The Peninsula Paris Hotel

The Peninsula Paris Hotel

Ernest Hemingway famously described Paris as "a moveable feast." Well, at the Peninsula Paris hotel, you don't have to move. It's all there, the essence of elegance, including a luxurious cigar lounge that epitomizes the hotel's spirit.

A combination of Old World charm and 21st century sophistication, it offers a design banquet of exquisite period details, crystal chandeliers, dramatic modern art, vases everywhere filled with fresh flowers and a flowing glass sculpture suspended from the ceiling near the reception desk. Actual feasts come at its restaurants, including one in the lobby, with Belle Époque décor, and a rooftop location with a panoramic view.

Located just down the Avenue Kléber from the Arc de Triomphe, the hotel began life in 1908 as the Hotel Majestic and has hosted such notables as Igor Stravinsky, Pablo Picasso, Marcel Proust, James Joyce and George Gershwin. In 1973, the Paris Peace Accords were signed there, ending the Vietnam War.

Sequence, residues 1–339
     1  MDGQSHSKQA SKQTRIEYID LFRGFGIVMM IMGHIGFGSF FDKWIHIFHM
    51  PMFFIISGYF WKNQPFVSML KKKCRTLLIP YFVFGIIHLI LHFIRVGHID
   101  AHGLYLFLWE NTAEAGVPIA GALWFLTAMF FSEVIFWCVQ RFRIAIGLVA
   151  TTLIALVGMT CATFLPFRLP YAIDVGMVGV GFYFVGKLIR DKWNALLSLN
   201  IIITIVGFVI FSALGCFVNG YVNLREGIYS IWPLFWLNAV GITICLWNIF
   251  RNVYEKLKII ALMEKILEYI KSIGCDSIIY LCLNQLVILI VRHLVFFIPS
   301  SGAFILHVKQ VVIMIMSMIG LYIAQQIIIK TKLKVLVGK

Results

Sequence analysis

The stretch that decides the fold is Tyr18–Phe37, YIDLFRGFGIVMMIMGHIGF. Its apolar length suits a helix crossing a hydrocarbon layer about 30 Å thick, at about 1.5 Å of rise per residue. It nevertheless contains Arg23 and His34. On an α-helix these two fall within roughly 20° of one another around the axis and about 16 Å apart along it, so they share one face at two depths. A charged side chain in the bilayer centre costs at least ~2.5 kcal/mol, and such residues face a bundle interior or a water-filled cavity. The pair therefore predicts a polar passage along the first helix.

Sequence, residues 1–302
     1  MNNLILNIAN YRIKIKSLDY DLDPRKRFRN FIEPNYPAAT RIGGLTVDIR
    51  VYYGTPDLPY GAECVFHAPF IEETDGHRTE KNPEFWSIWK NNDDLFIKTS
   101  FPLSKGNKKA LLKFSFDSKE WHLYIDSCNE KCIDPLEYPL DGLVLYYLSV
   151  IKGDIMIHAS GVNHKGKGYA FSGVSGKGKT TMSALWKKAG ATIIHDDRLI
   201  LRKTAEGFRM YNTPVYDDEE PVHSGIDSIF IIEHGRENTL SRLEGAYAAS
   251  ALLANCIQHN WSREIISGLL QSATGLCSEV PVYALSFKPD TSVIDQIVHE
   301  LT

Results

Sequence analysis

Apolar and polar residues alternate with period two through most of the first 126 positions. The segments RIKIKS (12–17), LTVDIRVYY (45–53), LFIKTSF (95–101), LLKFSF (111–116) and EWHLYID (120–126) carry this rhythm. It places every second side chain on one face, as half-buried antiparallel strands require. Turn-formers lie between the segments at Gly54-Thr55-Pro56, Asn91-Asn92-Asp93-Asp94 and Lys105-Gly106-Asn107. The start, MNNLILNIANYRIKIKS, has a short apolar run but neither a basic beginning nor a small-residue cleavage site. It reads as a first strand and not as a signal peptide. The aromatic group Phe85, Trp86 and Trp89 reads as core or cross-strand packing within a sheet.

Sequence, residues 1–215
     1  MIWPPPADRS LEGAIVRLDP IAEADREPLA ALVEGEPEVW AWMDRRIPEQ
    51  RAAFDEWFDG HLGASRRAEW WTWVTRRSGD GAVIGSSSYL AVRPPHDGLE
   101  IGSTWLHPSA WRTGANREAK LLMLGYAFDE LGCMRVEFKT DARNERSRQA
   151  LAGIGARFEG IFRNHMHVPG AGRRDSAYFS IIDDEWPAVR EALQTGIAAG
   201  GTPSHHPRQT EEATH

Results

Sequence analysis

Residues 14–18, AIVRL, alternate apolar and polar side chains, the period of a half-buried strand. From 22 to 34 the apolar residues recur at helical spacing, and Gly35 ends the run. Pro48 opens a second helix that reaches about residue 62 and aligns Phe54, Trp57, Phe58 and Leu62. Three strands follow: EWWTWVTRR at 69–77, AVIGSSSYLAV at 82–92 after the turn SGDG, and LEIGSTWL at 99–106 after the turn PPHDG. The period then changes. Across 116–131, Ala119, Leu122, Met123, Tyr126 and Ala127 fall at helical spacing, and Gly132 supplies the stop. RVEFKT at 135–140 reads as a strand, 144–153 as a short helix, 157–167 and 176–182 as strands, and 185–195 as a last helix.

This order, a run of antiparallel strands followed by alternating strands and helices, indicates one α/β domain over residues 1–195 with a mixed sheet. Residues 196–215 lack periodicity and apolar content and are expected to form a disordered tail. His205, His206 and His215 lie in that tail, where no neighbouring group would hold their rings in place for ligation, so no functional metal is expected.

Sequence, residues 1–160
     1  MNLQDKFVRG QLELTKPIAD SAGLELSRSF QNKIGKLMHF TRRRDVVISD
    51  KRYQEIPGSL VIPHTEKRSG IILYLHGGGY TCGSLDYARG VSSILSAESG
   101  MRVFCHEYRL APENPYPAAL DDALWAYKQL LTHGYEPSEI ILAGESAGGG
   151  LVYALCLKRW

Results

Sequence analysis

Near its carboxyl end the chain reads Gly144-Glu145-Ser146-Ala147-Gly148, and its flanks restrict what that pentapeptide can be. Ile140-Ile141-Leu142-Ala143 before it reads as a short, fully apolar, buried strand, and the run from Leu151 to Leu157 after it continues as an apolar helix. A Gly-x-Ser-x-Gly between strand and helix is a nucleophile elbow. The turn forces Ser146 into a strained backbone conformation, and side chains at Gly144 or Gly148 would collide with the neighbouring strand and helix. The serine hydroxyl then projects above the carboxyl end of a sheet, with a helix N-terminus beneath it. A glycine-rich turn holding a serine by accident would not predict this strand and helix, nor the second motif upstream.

The Kléber Lounge is a combination of two rooms off the lobby that are designed to make you feel as privileged as a hotel guest (which you needn't be) could be. Behind the marble bar in the outer room is a sparkling glass cabinet with bottles of Cognac, Armagnac, rum, Calvados and fine whiskeys. On the right is a glass-enclosed floor-to-almost-ceiling bookcase that is actually a humidor full of Cohiba Robustos, Esplendidos, Siglo IIs and Siglo IVs; Montecristo Nos. 2 and 4, Partagás; Romeo y Julietas; and other favorite shapes and labels—about "60 different sizes, 500 cigars, 85 percent Cuban and 15 percent from the Dominican Republic," according to Johan Lejeune, the chief bar manager. A Montecristo No. 4 costs 22 euros, a Cohiba Robusto 38 euros. (You can bring your own if you wish.) The Kléber Bar (pictured) is just down the hall.

Inside the lounge itself is a tall Baccarat floor lamp, dove gray and pale gray walls, black and white marble tables, brown leather chairs and sofa, and an imposing gold and black cabinet that opens top and bottom to reveal a TV. You call on a phone for food and drink, which arrive through a valet box. Private humidors for regular guests occupy another wall. (If you prefer to puff outdoors, Lejeune says, cigar smokers are welcomed on two outer terraces that are heated in winter.)

The Peninsula Paris, the Peninsula chain's first European hotel, opened in August 2014 after a multimillion-euro renovation. The hotel has 200 rooms, including 34 suites, with an emphasis on gray and cream and high-gloss lacquer. There's a spa, a fitness center and an indoor pool. Rates start in the neighborhood of 800 euros a night and jump to several thousand a night for the Garden Suite.

Visit paris.peninsula.com